Course Title and Number
CE 101: Strength of Materials
Strength and elastic properties of materials of construction; tension, compression, shear, and torsion stresses; deflection and deformation; stress analysis of beams and columns.
MATH 007C, C E 035. Competition of M E 045 is recommended. (Effective for frosh beginning Fall 2001: C E majors must previously have attained a C- or better in C E 035).
By topic: Differential and integral calculus; vector properties; fundamental principles of force systems and static equilibrium; basic structural systems; centroid, product and moments of inertia, including principle axes, rotational transformation; sketching and visualization.
Textbook and Other Required Material
J. M. Gere (2001) - Mechanics of Materials
The objectives of the course are to:
- Provide students with basic understanding of structural behavior
- Develop characteristics of a variety of structural component types
- Introduce analytical tools for mathematical modeling of structural elements and systems
- Present basic concepts of structural design
- Provide a solid foundation for subsequent study of more advanced topics
- Review and reinforce fundamental skills in mathematics, science and engineering statics
- Prepare students for successful completion of the professional FE examination
- Tension, compression, shear stress and strain
- Hooke's laws, Poisson's ratio, St. Venant's principle
- Linear elastic & elastoplastic behavior of 2-force members, torsion members and beams
- Brittle and ductile behavior, stress concentrations
- Impact loading, fatigue, strain energy, thermal effects, power transmission
- Statically determinate and indeterminate structures, redundancy, reserve capacity
- Stress analysis of structural components - columns, beams, torsion members, pressure vessels, composite members, built-up members
- Fundamental design concepts - process, allowable stress, serviceability, design constraints, suitability, uncertainty, constructibility, cost
- Shear and moment diagrams
- Biaxial bending, combined loading
- Principal stresses and strains, Mohr diagrams
- Strain gage applications
- Elongation of two-force members, twist of torsion members
- Deflections of beams - direct integration with singularity functions, moment-area, energy approaches, superposition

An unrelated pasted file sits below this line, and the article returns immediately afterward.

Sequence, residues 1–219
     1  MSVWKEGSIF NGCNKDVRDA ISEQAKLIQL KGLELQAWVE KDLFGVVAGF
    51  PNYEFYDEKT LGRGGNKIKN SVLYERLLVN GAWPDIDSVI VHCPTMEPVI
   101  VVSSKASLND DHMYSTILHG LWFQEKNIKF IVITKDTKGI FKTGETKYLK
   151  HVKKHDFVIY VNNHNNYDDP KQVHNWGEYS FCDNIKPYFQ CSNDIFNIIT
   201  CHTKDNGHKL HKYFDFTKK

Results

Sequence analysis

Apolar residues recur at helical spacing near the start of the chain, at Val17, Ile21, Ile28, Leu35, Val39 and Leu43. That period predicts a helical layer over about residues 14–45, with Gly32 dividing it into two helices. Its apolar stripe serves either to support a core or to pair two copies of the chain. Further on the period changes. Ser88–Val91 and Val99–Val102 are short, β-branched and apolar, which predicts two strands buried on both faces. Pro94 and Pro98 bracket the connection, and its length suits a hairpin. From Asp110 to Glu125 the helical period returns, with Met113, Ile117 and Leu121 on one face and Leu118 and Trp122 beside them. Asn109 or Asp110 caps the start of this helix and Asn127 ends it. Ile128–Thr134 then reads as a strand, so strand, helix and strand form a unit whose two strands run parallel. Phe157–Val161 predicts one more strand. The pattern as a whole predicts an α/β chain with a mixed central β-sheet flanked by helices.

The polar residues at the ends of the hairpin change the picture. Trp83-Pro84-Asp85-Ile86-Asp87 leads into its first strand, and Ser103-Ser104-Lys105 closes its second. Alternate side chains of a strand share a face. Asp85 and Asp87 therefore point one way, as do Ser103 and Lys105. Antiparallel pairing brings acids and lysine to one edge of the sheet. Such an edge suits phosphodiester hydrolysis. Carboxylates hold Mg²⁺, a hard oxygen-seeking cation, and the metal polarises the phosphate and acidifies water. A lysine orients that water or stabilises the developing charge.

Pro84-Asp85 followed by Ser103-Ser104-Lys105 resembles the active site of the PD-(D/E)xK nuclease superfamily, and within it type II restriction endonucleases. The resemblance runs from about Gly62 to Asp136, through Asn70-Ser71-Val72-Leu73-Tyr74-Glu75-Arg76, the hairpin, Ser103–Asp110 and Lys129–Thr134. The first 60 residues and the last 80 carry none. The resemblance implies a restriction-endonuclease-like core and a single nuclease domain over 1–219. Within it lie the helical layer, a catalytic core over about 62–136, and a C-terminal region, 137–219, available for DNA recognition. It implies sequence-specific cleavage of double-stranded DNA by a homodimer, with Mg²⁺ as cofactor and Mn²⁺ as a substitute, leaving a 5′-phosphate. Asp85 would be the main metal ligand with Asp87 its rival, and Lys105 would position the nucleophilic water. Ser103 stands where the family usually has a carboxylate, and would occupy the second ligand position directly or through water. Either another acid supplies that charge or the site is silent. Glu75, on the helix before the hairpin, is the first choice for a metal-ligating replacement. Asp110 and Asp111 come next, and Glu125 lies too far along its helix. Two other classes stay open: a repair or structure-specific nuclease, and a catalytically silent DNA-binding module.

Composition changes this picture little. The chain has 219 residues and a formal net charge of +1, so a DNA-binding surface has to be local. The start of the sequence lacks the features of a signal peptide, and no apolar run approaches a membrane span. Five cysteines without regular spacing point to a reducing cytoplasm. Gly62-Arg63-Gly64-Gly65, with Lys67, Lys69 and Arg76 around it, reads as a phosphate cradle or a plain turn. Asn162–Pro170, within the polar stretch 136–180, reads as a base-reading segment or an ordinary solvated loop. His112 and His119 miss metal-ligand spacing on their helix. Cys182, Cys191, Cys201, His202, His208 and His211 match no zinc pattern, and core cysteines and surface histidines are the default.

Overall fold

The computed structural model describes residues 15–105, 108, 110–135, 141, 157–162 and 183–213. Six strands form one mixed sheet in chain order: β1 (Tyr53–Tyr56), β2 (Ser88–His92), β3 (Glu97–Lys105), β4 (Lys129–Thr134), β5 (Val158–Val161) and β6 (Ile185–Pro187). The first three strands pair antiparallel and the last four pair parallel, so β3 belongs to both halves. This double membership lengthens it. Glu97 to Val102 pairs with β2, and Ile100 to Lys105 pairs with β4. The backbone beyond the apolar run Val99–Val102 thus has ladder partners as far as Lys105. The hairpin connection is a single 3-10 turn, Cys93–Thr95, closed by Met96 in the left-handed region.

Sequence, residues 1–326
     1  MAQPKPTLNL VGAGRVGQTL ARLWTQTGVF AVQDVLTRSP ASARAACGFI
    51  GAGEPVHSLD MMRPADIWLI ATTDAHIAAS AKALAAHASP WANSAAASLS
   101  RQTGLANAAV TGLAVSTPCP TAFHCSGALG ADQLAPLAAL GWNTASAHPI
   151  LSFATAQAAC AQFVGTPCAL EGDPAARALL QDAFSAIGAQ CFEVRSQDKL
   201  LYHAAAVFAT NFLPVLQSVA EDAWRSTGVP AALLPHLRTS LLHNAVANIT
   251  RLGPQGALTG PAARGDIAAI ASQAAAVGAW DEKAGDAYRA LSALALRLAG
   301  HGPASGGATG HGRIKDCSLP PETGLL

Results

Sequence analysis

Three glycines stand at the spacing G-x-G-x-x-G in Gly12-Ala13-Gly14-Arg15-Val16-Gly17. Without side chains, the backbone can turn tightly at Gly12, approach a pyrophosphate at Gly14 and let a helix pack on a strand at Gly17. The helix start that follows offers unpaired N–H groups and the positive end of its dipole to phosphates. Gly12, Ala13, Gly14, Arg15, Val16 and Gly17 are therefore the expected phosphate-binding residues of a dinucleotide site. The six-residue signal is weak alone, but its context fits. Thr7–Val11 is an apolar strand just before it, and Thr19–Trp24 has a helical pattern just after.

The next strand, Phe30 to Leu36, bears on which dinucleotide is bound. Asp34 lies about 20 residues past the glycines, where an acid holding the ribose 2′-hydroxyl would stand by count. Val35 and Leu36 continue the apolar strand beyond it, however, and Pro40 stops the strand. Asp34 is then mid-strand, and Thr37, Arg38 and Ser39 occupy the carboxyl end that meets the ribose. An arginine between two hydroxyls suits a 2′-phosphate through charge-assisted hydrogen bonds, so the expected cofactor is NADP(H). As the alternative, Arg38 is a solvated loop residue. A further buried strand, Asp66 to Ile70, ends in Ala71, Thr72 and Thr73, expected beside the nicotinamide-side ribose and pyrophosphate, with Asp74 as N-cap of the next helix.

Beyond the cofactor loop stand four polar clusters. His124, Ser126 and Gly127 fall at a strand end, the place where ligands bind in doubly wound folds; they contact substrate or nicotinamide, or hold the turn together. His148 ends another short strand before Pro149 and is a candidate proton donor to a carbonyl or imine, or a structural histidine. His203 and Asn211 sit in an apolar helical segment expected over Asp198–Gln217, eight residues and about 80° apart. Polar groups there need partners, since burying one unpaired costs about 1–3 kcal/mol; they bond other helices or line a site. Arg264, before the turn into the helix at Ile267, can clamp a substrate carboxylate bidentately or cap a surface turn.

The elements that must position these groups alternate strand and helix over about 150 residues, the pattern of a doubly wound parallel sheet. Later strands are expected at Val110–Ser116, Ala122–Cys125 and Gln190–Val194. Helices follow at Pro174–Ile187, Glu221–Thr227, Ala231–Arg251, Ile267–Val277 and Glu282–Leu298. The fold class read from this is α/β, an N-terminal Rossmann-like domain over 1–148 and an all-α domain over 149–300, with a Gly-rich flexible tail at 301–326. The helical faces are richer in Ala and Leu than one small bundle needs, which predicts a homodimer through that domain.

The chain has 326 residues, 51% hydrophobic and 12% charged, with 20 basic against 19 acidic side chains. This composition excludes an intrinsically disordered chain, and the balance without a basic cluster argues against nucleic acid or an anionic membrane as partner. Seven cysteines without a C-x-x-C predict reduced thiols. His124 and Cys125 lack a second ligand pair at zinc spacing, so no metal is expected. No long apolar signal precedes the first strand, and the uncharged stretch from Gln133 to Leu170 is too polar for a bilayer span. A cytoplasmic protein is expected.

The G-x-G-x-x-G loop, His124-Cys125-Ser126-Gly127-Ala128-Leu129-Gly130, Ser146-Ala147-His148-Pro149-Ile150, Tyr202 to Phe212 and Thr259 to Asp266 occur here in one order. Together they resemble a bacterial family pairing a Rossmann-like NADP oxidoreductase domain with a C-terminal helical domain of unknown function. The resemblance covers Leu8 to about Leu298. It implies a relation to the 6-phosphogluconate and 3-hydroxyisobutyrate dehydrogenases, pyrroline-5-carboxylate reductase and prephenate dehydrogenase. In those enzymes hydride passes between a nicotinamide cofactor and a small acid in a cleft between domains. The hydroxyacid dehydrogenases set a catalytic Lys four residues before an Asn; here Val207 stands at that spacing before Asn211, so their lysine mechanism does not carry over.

- Deflections of trusses - energy approach
- Buckling - Euler and secant formulas
- Superposition, reciprocity
- Applications of matrix linear algebra
Students completing the course will be able to:
- Perform stress analysis of basic structural components with a variety of compositions under a multitude of loading conditions
- Analyze basic structural systems under a multitude of loading conditions, both statically determinate and indeterminate
- Apply principles of linear-elastic and elasto-plastic behavior and recognize the significance of ductile versus brittle behavior to structural components and systems
- Perform rotational transformations to identify principal states of stress and strain
- Determine displacement and rotation values within structural components and systems
- Undertake the design of structural components by simultaneously incorporating multiple design constraints and specifications
Two hundred minutes a week lecture
Contribution of Course to Meet the Professional Component
Relationship of Course to Program Objectives
The course supports the achievement of the following ABET program outcomes and objectives (reference Engineering Criteria 2000, Criterion 3).
- Ability to apply knowledge of mathematics, science and engineering
- Ability to design a component to meet desired needs
- Ability to identify, formulate and evaluate engineering problems
- Ability to use the techniques, skills, and modern engineering tools necessary for engineering practice
The course supports the achievement of the following CE program objectives.
- Provide a broad-based education in engineering sciences and design.
- Provide a rigorous, well-balanced, comprehensive and contemporary curriculum stressing fundamentals common to many fields of civil engineering.
- Develop skills of written communication and critical thinking which are important to a successful professional life.
- Daily homework assignments, discussed daily in class for self-evaluation and collected approximately weekly for numerical grading and written feedback
- Three 1-hour midterm exams and one 2-hour comprehensive final exam
- Occasional unannounced quizzes
- Occasional in-class cooperative/interactive problem assignments
Russell S. Mills